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How Does It Feel to Be a Hero? Inside PETA’s Mobile Clinics

Written by Alisa Mullins | August 4, 2014

Since the inception of PETA’s low- or no-cost spay-neuter program in 2001, our mobile clinics have spayed and neutered more than 105,500 dogs and cats—over 6,200 of them so far this year alone (and the number climbs each day)—preventing the births of countless unwanted animals. Our fleet of mobile clinics—SNIP (Spay or Neuter Immediately, Please), Holland Ware, and Martha and Ruby—are on the road almost every day, rain or shine, hot or cold, venturing into low-income and sorely underserved rural areas throughout the region surrounding PETA’s headquarters in Norfolk, Virginia. Ours are the only mobile clinics that travel as far west as Emporia to serve clients who otherwise wouldn’t have access to veterinary care. Combined, our three clinics have logged more than 100,000 miles on the odometer!

How do they do it? Let’s take a peek inside one clinic on a typical day:

6:30 a.m.: Fortified with caffeine, staffers arrive at the Sam Simon Center to stock the clinics, gather animals who have been picked up at their homes by PETA fieldworkers (a service we provide for clients who don’t have their own transportation), and gas up the big rigs.

Parked PETA Mobile Clinics

7 a.m.: The clinics hit the road. One of today’s destinations is the Tractor Supply in Smithfield, Virginia. Our clinics set up shop at all kinds of places: humane societies, shopping centers, grocery stores, feed-and-seed stores, community centers, churches, and even a Harley-Davidson dealership!

Bull Mastiff at Wheel of PETA's Mobile Clinic

7:30 a.m.: The clinics roll into town, and staffers prepare for check-in, sterilizing surgical equipment, readying medical supplies, setting up tables, and assembling clipboards, pens, and paperwork.

Check-In at PETA's Mobile Clinic

Dog at PETA's Mobile Clinic

8 a.m.: Clients check in—dogs first, since their surgeries and recovery from anesthesia generally take longer.

Person With Dog at Mobile Clinic

Woman_Holding_Chihuahua

8:30 a.m.: Here come the kitties!

Cats in Carriers at PETA's Mobile Clinic

9 a.m.: Snip time! The staff is such a well-oiled machine that each clinic can spay and neuter about 25 to 30 animals in one day. However, the clinic staffers recently traveled 120 miles to Danville, Virginia, for a spay/neuter marathon, where they sterilized 120 animals in just two days! And back in February, the clinics celebrated Spay Day with a 24-hour all-night marathon in which more than 400 animals were snipped.

Dr. Zayas, Veterinarian at PETA's Mobile Clinic

9:30 a.m.: Spays take a little longer, especially with females in heat, and so do surgeries with complications, such as hernias.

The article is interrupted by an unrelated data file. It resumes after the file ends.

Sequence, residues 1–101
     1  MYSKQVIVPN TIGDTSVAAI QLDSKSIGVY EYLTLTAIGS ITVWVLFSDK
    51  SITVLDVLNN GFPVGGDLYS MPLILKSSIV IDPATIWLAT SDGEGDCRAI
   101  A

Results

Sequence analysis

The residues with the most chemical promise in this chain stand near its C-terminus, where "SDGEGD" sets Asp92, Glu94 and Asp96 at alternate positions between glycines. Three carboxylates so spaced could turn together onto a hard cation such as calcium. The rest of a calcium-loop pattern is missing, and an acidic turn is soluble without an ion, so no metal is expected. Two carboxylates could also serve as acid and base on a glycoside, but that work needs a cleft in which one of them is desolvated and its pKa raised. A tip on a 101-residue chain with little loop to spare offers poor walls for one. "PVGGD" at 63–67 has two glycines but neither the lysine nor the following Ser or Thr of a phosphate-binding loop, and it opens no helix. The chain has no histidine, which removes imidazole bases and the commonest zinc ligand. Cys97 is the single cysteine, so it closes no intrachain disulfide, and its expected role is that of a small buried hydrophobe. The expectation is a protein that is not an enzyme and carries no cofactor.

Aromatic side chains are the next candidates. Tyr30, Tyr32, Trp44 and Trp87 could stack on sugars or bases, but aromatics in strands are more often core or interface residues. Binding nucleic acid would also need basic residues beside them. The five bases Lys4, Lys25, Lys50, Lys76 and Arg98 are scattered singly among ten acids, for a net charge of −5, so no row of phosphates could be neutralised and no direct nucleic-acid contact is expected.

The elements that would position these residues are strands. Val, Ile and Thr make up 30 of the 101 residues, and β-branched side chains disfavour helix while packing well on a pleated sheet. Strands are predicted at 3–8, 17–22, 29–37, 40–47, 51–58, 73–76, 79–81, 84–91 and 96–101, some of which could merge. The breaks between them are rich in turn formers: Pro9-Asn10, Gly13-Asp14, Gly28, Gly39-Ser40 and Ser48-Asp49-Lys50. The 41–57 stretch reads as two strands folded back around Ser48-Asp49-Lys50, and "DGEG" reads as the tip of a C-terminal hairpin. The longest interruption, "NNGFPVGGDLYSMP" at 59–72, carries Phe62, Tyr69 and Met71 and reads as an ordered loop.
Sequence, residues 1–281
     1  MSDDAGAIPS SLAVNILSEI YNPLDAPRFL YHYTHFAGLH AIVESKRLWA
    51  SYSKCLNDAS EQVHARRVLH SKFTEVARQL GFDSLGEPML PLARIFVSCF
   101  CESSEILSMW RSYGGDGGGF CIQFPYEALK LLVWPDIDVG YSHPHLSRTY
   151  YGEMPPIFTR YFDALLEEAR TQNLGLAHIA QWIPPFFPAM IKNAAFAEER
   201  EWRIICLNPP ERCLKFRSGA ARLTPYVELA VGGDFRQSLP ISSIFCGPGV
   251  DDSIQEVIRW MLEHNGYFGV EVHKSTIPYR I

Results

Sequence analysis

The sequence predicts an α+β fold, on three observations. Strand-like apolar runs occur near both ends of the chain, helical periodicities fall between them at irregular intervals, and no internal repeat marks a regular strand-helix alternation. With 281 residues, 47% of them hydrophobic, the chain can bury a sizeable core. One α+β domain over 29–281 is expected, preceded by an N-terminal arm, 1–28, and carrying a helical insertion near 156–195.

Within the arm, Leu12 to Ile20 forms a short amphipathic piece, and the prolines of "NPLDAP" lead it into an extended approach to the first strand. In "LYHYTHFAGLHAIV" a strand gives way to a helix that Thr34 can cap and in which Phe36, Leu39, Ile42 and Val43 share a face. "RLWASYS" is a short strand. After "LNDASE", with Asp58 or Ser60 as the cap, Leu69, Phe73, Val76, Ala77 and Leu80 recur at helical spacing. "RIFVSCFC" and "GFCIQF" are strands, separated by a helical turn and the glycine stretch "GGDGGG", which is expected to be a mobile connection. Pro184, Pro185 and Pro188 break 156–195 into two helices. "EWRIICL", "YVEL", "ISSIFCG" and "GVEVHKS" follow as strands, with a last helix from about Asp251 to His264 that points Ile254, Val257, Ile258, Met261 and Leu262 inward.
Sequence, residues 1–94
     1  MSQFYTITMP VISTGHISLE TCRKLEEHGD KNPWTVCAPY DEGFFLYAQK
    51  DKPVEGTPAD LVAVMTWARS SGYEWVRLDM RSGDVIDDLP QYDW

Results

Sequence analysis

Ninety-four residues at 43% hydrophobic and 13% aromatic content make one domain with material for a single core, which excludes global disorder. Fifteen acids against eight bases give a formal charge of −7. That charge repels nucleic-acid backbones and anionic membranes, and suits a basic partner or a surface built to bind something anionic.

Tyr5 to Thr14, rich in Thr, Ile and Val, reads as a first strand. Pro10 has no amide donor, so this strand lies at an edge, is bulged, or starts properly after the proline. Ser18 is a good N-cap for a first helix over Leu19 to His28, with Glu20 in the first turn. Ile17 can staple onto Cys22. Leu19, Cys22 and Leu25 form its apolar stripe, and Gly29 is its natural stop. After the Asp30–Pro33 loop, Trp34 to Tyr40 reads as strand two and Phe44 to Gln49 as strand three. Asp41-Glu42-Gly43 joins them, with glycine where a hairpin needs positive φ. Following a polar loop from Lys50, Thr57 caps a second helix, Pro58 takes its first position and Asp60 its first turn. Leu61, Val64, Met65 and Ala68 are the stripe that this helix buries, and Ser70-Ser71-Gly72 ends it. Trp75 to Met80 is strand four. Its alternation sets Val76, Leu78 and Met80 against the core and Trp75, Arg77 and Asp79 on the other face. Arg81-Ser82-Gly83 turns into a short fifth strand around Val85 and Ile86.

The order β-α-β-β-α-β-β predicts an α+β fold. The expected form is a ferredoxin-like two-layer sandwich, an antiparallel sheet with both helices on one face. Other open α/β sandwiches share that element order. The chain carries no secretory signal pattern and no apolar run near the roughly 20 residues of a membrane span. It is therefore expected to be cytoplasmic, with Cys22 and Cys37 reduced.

10 a.m.: The clinics also provide low-cost vaccinations, both to surgery patients and to animals who have already been sterilized. Nice to see you again, Coco!

Dog Getting a Shot at PETA's mobile clinic

11 a.m.: Our veterinarians also perform other types of surgeries for indigent clients, including tumor removal, hernia repairs, and amputation of severely injured limbs. Our veterinarian in charge skillfully removed a massive tumor from this senior dog’s face. She had been suffering with the tumor for nearly six months and it had grown so large that it was making it difficult for her to see, eat, and even breathe.

Before and After Shots of Senior Dog with Facial Tumor

12 p.m.: All done! That wasn’t too bad, was it?

Dog Gets a Kiss at PETA's Mobile Clinic

12:30 p.m.: Disinfectant is a spay/neuter clinic’s best friend. The cages have to be thoroughly wiped down to prevent the spread of diseases.

1 p.m.: Time to go home! Don’t worry, buddy—you’ll be feeling better in no time.

Cat in Carrier at PETA's Mobile Clinic

2 p.m.: The Martha and Ruby clinic heads back to Norfolk, having sterilized two dozen animals and prevented an immeasurable amount of suffering. Good job, guys!

3 p.m.: The clinic settles in for the evening. Staffers unpack any supplies that may have arrived that day and plug in the clinic to give the generator a break. Good night, Martha and Ruby!

Martha and Ruby SNIP Mobile Clinic

If this job looks like fun to you, you’re in luck! PETA’s Mobile Clinics Division is currently seeking licensed veterinary technicians. In addition to the priceless perk of spending every day saving lives, the job has great pay, generous health and vacation benefits, a flexible work schedule (both full- and part-time opportunities are available), and more. Click here to apply.

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